Bourbon made its debut in Bourbon County, Kentucky, but is now made all over the United States. There are many restrictions governing which bottles the name Bourbon may appear on, and it is illegal to make it outside of the country. To receive this branding, a spirit must be made with at least 51% corn mash, it must be distilled at 160 proof or less, and it must be aged a minimum of two years in new charred oak barrels.

Tennessee whisky is similar to bourbon as it also requires a mash of 51% corn. However, it differs from bourbon because of its filtration process, which requires it to be filtered through maple charcoal. Due to their similarity, we merged the two together in the table below, but they are two distinct types.

Japanese Whisky

Japanese whisky is similar to scotch in taste and distilling methods. Japan opened its first distillery in 1924, and since then, it has graced the world with various fruit and floral flavors.

Canadian Whisky

Making some of the smoothest whiskies in the world, Canada has become a front-runner in blended whisky production. People love the light, smooth flavors, and often use Canadian whisky in several cocktail recipes. This type of whisky will sometimes be labeled as rye whisky even if it does not contain any rye.

Rye Whisky

Rye whisky is made in America and resembles bourbon in its distillation process. Distilleries must follow strict guidelines when making rye whisky. For example, it must be made from a mash that is at least 51% rye, distilled to no more than 160 proof, and aged in charred oak barrels. Straight rye whisky must be aged for at least two years and not mixed with other spirits.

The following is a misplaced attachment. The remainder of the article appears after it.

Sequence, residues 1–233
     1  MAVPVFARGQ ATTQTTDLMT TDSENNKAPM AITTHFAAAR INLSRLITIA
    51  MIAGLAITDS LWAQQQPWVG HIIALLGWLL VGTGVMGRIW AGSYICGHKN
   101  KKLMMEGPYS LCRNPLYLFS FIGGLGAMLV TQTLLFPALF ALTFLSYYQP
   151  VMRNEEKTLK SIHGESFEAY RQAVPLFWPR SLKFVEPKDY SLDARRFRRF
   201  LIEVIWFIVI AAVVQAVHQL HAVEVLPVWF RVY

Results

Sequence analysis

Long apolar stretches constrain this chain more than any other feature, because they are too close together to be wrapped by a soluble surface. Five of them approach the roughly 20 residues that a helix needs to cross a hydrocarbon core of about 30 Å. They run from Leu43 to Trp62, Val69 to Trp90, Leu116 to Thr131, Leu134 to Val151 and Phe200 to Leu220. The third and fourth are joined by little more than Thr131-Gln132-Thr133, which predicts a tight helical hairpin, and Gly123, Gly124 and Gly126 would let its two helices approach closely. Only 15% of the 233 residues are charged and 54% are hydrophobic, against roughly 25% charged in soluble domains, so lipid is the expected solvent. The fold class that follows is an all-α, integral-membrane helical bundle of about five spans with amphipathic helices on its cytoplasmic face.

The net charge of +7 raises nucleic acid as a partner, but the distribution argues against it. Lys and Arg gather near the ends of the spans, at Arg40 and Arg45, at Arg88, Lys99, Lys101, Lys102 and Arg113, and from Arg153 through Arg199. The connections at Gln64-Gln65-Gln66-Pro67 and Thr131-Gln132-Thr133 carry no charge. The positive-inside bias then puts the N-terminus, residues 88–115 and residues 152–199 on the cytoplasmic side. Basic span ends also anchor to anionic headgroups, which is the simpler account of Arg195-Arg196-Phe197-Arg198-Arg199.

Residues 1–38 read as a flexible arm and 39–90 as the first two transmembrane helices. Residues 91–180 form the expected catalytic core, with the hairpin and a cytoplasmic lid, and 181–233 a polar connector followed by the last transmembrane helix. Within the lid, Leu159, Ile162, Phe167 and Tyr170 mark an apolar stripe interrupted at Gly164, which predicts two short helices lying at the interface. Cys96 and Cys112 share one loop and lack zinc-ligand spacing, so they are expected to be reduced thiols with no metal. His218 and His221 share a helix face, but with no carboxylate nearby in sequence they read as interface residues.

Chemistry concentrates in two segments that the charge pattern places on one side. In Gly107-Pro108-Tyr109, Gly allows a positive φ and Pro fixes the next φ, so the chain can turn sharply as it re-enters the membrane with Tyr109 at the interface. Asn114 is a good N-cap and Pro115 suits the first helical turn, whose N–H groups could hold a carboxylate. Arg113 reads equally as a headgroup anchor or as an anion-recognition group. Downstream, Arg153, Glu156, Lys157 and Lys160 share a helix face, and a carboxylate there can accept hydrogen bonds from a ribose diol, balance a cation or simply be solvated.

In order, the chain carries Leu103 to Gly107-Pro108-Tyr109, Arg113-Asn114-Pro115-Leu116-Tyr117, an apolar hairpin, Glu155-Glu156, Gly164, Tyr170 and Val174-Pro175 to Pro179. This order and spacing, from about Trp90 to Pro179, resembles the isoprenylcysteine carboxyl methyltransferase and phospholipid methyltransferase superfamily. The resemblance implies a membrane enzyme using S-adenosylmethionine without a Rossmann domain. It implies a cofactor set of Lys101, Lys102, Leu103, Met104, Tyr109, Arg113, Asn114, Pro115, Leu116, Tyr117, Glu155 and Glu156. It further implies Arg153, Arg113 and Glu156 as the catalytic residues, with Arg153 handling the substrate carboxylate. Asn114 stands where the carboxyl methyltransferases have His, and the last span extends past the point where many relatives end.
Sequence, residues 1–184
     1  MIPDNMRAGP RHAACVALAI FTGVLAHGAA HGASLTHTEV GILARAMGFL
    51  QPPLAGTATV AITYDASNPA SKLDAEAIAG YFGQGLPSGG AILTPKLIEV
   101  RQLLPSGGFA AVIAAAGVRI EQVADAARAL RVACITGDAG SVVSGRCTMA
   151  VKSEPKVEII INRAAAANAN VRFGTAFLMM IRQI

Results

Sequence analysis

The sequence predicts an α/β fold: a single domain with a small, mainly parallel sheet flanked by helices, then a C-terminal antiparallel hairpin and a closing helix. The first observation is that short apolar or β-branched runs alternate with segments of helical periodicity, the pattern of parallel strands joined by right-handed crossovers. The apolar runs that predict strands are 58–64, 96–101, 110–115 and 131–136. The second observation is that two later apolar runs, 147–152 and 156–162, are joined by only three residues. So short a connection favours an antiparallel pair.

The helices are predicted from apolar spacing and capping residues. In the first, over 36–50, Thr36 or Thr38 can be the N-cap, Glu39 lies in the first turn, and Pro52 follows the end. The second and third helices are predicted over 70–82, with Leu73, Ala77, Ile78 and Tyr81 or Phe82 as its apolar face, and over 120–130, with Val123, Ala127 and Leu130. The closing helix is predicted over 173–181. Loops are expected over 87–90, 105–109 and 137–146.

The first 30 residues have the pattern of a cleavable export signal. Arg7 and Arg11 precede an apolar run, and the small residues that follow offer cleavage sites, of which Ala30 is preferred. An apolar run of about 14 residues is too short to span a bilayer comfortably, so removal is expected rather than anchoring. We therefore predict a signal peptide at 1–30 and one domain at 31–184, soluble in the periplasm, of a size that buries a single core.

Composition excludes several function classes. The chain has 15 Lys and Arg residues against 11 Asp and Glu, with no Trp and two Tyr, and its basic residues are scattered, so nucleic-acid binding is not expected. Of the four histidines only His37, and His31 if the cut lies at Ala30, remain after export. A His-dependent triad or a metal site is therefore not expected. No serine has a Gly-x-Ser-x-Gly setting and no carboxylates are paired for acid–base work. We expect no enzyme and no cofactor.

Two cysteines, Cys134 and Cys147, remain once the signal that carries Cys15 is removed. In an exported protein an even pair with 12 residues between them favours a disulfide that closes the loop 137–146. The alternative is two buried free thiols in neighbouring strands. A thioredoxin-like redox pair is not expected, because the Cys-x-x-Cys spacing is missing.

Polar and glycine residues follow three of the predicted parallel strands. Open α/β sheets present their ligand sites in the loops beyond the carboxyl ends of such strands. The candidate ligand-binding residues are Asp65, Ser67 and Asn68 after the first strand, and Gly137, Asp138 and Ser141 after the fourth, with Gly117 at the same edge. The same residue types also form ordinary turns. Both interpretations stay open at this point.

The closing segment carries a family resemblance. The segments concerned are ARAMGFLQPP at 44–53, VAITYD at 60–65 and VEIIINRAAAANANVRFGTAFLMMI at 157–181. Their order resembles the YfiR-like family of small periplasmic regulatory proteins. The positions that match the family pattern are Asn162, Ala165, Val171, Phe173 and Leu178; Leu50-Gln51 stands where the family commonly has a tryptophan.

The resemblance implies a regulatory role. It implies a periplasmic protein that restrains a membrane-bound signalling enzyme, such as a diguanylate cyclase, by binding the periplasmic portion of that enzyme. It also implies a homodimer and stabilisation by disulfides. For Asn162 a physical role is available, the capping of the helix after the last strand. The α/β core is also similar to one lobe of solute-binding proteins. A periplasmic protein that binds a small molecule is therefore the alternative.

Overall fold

Other Whiskies

There are several other types of whisky available on the market today. These include wheat whiskies, blended whiskies, and single malt whiskies. However, these tend to be a bit of a wild card because they are either not as strictly regulated or the flavors vary quite a lot.

Quick Look—Whisky Types

Types of WhiskeyIngredientsTasteTypesPopular Brands
Irish WhiskeyUnmalted or malted barley and cereal grains—aged a minimum of three years.Smooth light taste with hints of fruit, grains, and rich oak.Blended Single Malt Single Pot Still Grain Single Grain PotcheenJameson Bushmills Connemara Green Spot Redbreast Knappogue Castle    
Scotch WhiskyScotch is typically made from water, malted barley, and yeast, but some blended whiskies will incorporate other cereal grains.Single malts are known for their sharp smoky tastes, while blended malts are more known for their buttery spice flavors.Single Malt Blended Malt Single Grain Blended Grain BlendedJohnny Walker Monkey Shoulder Laphroaig The Balvenie Drambuie Glenfiddich Clan McGregor